No great deeds or dramas fill Obama’s life, which is marked by an intense introspection, a talent for getting where he needs to be, and a curious knack for associating with angry people while never seeming to get angry himself. Of course, Obama also has one great trump card: his gift for oratory. It’s what has gotten him so close to winning the White House; it’s what makes his most fervent supporters believe in him; and it is, in a real sense, his true accomplishment. It’s easy to denigrate that gift—he’s a talker, McCain’s a doer, and so on—but American history has shown us that great orators can have a major impact. For conservatives, mocking Obama’s self importance is easy (and often justified); acknowledging how formidable he had to be to get here is harder.
The Choice sheds little light on the signature controversy of Obama’s primary campaign, the one great pothole in the road that nearly caused him to crash: his longtime relationship with Trinity Church pastor Jeremiah Wright. The familiar footage of Wright’s furious sermons is replayed, and we’re told that Obama was upset when he watched them. But the same question that hung in the air last spring—how could Obama not have known about Wright’s toxic racial and political views?—goes unanswered. The Choice doesn’t even bother to ask.
The film is at its best in the segment on Obama’s time at Harvard Law School in the late eighties and early nineties. We see fascinating footage of Obama at a student protest rally, where he addresses the crowd—the familiar cadences already at work—and speaks up in favor of Harvard professor Derrick Bell, a leading purveyor of critical race theory, an ideology that sees almost every aspect of life as racially determined. Bell adds yet another face to the rogues’ gallery of dubious Obama associations, but overall the Harvard segment is more encouraging than troubling, since it shows Obama acting as a conciliator (and not just talking about it). Named the first black president of the Harvard Law Review, Obama is expected to use his new position to “fight for the cause”; instead, he goes out of his way to be fair to conservative students, including members of the Federalist Society like Bradford Berenson, who eventually became an associate counsel in the George W. Bush White House. Obama named three Federalist Society members to top editing positions. The contradictions between his apparently more magnanimous nature and the bitterness of those closest to him—from the pastor he chose to the woman he married—form the core of the Obama mystery: who is he, really? The 2008 election remains in play because so many voters still do not know.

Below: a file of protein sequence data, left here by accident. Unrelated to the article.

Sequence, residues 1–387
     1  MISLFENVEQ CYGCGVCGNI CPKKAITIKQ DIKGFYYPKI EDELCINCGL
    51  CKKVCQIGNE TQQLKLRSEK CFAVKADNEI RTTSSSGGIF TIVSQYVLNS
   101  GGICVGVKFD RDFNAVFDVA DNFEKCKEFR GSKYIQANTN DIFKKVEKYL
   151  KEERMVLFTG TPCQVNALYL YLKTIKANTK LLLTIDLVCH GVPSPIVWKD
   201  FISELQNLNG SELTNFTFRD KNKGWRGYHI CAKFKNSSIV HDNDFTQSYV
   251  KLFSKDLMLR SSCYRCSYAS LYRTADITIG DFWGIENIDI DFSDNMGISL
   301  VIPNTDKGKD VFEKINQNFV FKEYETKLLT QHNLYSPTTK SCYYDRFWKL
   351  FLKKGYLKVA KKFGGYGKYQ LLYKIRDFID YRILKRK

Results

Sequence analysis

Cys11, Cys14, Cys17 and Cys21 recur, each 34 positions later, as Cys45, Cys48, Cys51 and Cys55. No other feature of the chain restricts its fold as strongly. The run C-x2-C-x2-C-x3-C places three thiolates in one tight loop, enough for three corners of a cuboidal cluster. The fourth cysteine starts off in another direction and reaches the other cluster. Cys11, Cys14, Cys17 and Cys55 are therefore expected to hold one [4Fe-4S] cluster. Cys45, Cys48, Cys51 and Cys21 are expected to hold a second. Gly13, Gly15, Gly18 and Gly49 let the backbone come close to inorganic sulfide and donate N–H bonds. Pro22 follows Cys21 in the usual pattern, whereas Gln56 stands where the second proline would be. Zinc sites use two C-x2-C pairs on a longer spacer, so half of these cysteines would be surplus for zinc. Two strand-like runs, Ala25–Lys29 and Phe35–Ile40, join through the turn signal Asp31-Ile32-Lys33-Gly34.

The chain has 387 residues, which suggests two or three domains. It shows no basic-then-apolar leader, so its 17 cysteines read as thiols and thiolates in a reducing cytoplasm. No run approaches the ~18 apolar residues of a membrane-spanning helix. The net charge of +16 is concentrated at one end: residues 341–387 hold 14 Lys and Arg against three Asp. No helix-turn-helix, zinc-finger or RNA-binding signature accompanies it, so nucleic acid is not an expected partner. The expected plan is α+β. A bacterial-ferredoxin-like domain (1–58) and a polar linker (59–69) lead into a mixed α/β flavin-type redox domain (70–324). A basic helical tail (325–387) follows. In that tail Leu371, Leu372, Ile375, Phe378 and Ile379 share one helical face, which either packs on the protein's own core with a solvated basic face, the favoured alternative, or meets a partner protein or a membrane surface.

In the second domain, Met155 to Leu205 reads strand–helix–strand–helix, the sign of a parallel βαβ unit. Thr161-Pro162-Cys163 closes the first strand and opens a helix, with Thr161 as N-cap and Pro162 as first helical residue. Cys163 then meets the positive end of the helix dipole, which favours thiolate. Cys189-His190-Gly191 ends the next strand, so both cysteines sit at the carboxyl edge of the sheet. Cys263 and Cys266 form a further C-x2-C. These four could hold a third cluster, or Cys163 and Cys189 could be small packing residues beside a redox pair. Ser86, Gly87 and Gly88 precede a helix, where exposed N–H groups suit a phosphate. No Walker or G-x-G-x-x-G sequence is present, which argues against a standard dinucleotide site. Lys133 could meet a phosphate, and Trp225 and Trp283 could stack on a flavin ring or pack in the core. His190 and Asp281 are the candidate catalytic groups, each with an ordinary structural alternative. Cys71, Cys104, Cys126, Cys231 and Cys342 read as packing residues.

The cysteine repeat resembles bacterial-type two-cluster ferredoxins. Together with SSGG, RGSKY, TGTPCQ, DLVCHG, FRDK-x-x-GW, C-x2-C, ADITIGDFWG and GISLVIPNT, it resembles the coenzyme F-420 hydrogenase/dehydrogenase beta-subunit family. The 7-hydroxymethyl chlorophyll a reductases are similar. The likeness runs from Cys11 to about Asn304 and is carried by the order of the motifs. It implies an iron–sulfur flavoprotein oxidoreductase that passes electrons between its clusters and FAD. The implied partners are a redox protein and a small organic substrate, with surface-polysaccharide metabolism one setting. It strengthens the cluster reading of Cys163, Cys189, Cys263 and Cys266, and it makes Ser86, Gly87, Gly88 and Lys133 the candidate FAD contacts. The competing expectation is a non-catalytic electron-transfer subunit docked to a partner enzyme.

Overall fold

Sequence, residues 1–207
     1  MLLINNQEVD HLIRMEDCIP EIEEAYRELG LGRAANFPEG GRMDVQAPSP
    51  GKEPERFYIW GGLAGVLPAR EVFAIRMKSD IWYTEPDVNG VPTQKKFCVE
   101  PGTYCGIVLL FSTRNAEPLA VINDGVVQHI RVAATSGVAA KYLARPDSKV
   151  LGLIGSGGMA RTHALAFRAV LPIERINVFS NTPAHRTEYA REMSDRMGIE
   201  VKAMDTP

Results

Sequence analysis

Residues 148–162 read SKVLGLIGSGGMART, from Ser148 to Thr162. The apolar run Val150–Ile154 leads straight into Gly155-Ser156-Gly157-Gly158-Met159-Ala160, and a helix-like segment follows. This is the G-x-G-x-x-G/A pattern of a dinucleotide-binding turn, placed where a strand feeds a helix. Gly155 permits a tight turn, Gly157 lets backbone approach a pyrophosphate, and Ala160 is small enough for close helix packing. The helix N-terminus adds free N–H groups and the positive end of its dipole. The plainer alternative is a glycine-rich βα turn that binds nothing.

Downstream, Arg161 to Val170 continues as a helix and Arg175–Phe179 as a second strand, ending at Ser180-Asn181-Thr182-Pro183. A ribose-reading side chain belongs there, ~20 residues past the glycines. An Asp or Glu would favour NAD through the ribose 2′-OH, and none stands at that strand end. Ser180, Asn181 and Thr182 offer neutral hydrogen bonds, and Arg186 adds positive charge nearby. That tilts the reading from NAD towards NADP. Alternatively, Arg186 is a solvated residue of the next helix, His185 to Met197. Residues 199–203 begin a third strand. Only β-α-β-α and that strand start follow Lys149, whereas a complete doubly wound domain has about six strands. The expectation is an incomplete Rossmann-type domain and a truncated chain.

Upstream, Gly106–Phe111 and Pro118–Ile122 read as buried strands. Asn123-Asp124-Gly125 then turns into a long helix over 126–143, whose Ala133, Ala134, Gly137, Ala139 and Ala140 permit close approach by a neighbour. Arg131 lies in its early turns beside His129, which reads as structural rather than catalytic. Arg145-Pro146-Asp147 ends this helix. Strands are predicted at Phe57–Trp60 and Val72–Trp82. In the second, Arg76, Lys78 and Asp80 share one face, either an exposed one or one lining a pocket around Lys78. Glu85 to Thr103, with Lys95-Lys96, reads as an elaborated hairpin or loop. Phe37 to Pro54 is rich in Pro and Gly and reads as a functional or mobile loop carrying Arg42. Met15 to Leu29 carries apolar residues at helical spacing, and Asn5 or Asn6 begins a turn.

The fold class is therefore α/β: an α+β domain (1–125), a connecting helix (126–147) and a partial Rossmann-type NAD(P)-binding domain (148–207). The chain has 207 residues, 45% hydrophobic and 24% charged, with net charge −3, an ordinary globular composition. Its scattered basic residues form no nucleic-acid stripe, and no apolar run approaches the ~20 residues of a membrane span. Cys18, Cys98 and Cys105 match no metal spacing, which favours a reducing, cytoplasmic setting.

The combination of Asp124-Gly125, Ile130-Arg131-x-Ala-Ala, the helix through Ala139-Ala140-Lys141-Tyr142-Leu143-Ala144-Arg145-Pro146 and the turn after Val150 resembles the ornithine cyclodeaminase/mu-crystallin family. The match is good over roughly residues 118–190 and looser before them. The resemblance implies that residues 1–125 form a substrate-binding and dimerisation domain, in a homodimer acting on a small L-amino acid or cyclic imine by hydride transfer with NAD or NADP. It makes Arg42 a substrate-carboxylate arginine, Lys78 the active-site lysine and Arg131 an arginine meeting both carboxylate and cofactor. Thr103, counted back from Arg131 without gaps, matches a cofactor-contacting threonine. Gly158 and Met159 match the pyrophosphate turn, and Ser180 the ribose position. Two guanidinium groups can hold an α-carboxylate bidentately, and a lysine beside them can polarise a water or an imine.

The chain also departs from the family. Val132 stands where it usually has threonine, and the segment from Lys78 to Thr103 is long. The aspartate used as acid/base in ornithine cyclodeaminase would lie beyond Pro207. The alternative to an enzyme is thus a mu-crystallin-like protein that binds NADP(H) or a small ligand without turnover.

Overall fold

The film mostly covers familiar ground when it comes to McCain: after Vietnam, the return to civilian life; the messy divorce and remarriage; the ascendant political career nearly cut down by the Keating Five scandal, in which McCain and four other senators were accused of using improper influence to shield the chairman of a savings and loan from a regulatory investigation; the forging of his maverick credentials; the presidential campaigns of 2000 and 2008; and the long war and uneasy reconciliation with the Bush White House. McCain has been on the national stage for so long that it’s all but impossible for The Choice to provide much new.
We hear about McCain’s habit of telegraphing irony in public when he takes positions he’d rather not take, but needs to for political expediency. Like Bob Dole before him, McCain exhibits a surprisingly contemporary taste for sarcasm—perhaps the product of their war experiences. We watch McCain on Jon Stewart’s Daily Show in 2006, where the host chides him for agreeing to give a commencement speech at Jerry Falwell’s Liberty University. Back in 2000, McCain had denounced Falwell and Pat Robertson as “agents of intolerance.” Now, he sought to make peace for political purposes. Stewart asks the senator whether he’s going into “crazy base world,” meaning the Republican evangelical voting bloc. With a wry smile, McCain answers, “I’m afraid so.” It’s a reminder that no matter how many compromises he makes, McCain can’t stop being McCain.
Three weeks from Election Day, Obama leads in every poll, and his margin in most is increasing. While the economy remains the dominant issue for voters, character and personality usually come into the mix, especially for those still undecided. The Choice has always worked on this assumption—its focus has always rested less on understanding ideas and policies, that is, than on explaining men and decisions. Without an understanding of ideas, however, choosing the next leader of the world’s only superpower can become an exercise in narcissism, shaped solely by personal tastes, instincts, and prejudices. From that perspective, undecided voters will have to determine whether to choose the cranky older man whose supreme bravery long ago still commands the awe of his colleagues, or the magnetic younger one whose words captivate strangers far and wide. The Choice shows both men doing what they do and being who they are.